While searching through our collections for maps to use for display in the exhibition Echoes of the Great War: American Experiences of World War I, I found one among our uncatalogued holdings that caught my attention. As the title states, it is a map presenting the role of North American Indians in the World War.
One benefit of my job at the Library of Congress is that I get to learn some history and read critical analysis while also locating resources and finding ways to support teachers in the classroom. One topic that I continue to learn more about is the history of the ways in which the lives of Native Americans in the United States have been documented.
November is National Native American Heritage Month, set aside to honor the history and traditions of Native Americans. The Teaching with the Library of Congress blog has published a number of posts about teaching about Native American history and culture using primary sources. Many of them focus on what can and cannot be learned about […]
It is also a reminder that, though we have collected the stories of many Native Americans with a focus on those who served as code talkers, there are many, many more who served bravely in all of the branches of the military throughout the history of the United States of America.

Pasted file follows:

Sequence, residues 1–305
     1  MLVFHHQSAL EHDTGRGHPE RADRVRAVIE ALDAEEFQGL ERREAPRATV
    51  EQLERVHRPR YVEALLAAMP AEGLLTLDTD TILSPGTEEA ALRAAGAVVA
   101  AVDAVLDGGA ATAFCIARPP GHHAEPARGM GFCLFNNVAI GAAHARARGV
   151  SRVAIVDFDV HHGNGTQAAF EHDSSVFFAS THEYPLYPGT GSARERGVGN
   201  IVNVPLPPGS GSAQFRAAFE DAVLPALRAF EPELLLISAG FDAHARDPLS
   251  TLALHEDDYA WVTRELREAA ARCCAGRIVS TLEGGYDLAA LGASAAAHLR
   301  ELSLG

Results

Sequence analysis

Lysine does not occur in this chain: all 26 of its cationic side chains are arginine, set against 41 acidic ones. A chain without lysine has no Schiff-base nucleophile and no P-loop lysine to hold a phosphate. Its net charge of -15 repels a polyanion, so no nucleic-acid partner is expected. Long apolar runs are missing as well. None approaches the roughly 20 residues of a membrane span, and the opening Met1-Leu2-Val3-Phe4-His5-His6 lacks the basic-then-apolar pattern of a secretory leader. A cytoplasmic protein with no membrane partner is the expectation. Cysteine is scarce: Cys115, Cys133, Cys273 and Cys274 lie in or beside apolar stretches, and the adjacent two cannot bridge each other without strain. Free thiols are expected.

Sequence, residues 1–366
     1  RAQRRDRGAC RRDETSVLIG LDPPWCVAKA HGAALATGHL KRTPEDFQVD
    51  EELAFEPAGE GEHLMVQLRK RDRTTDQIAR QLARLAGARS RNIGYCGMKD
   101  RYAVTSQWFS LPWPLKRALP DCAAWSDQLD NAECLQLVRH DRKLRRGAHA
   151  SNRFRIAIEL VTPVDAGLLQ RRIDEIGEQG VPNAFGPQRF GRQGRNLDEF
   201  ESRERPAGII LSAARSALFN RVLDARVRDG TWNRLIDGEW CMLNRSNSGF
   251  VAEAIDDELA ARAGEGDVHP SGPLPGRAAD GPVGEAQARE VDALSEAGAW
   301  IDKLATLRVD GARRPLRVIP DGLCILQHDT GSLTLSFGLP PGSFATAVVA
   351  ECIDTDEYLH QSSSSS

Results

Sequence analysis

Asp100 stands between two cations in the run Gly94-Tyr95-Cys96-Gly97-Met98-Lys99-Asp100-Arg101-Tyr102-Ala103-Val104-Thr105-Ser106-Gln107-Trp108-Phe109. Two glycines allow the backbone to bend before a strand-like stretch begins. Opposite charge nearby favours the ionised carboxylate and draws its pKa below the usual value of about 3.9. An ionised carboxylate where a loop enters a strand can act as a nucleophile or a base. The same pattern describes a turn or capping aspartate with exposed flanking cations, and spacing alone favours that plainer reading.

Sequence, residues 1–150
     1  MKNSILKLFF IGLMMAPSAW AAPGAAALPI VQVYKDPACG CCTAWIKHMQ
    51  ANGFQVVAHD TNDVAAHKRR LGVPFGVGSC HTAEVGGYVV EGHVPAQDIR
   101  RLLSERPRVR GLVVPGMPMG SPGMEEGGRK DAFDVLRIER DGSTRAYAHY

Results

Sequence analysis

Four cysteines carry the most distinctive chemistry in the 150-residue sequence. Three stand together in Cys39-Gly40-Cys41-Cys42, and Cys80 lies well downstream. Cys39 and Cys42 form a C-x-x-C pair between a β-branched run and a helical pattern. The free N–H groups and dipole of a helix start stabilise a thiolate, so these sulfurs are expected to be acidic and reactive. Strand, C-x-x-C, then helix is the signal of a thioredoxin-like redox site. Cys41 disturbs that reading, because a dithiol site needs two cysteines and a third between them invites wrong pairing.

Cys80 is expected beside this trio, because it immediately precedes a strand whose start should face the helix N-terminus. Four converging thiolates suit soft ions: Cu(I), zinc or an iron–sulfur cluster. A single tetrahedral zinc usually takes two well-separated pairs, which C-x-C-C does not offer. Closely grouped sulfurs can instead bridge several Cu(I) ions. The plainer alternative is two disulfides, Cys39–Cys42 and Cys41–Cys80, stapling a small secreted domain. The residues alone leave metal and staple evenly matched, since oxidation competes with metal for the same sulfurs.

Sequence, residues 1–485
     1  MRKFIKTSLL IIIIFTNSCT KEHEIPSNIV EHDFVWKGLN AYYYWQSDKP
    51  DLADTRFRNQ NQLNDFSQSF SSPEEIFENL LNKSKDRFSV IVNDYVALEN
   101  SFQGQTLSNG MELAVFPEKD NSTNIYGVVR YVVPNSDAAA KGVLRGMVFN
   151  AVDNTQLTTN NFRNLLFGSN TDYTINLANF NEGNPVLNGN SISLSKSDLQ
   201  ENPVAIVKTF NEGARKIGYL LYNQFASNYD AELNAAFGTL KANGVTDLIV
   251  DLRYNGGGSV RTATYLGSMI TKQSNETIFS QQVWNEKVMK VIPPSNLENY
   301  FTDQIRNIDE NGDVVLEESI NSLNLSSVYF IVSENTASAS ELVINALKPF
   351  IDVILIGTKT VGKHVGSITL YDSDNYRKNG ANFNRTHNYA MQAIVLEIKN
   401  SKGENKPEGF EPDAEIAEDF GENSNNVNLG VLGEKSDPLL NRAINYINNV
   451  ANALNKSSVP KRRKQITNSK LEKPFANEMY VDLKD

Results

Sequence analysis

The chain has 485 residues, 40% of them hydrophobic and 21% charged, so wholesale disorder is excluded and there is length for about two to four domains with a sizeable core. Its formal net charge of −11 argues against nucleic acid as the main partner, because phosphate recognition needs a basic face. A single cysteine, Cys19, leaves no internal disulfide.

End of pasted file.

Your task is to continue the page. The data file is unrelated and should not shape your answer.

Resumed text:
Native American cultures are alive and well today, thriving and evolving within cities, rural communities, tribes, and nations across the United States. The online collections of the Library of Congress contain a variety of primary sources that document daily life and creative works in diverse Native American communities from the late twentieth century to the present day.
One of the most powerful effects of primary sources is their ability to complicate common understandings of history. As the raw materials of history, original documents are able to bring to light little-known details or neglected episodes that add complexity to oversimplified accounts.
The Teaching with the Library of Congress blog has published a number of posts highlighting primary sources related to the rich traditions of Native Americans.
The Library of Congress American Folklife Center has worked to preserve the culture of America’s people. Through on-site recordings and unposed images we are able to experience the language, the songs, the stories and the performances of Native Americans in their communities or here at the Library of Congress.
The Library of Congress has many resources related to the experiences and contributions of Native Americans to our nation.
One image from the exhibit “Shall Not Be Denied: Women’s Fight for the Vote” in particular struck me both for what it shows and for what it does not make evident.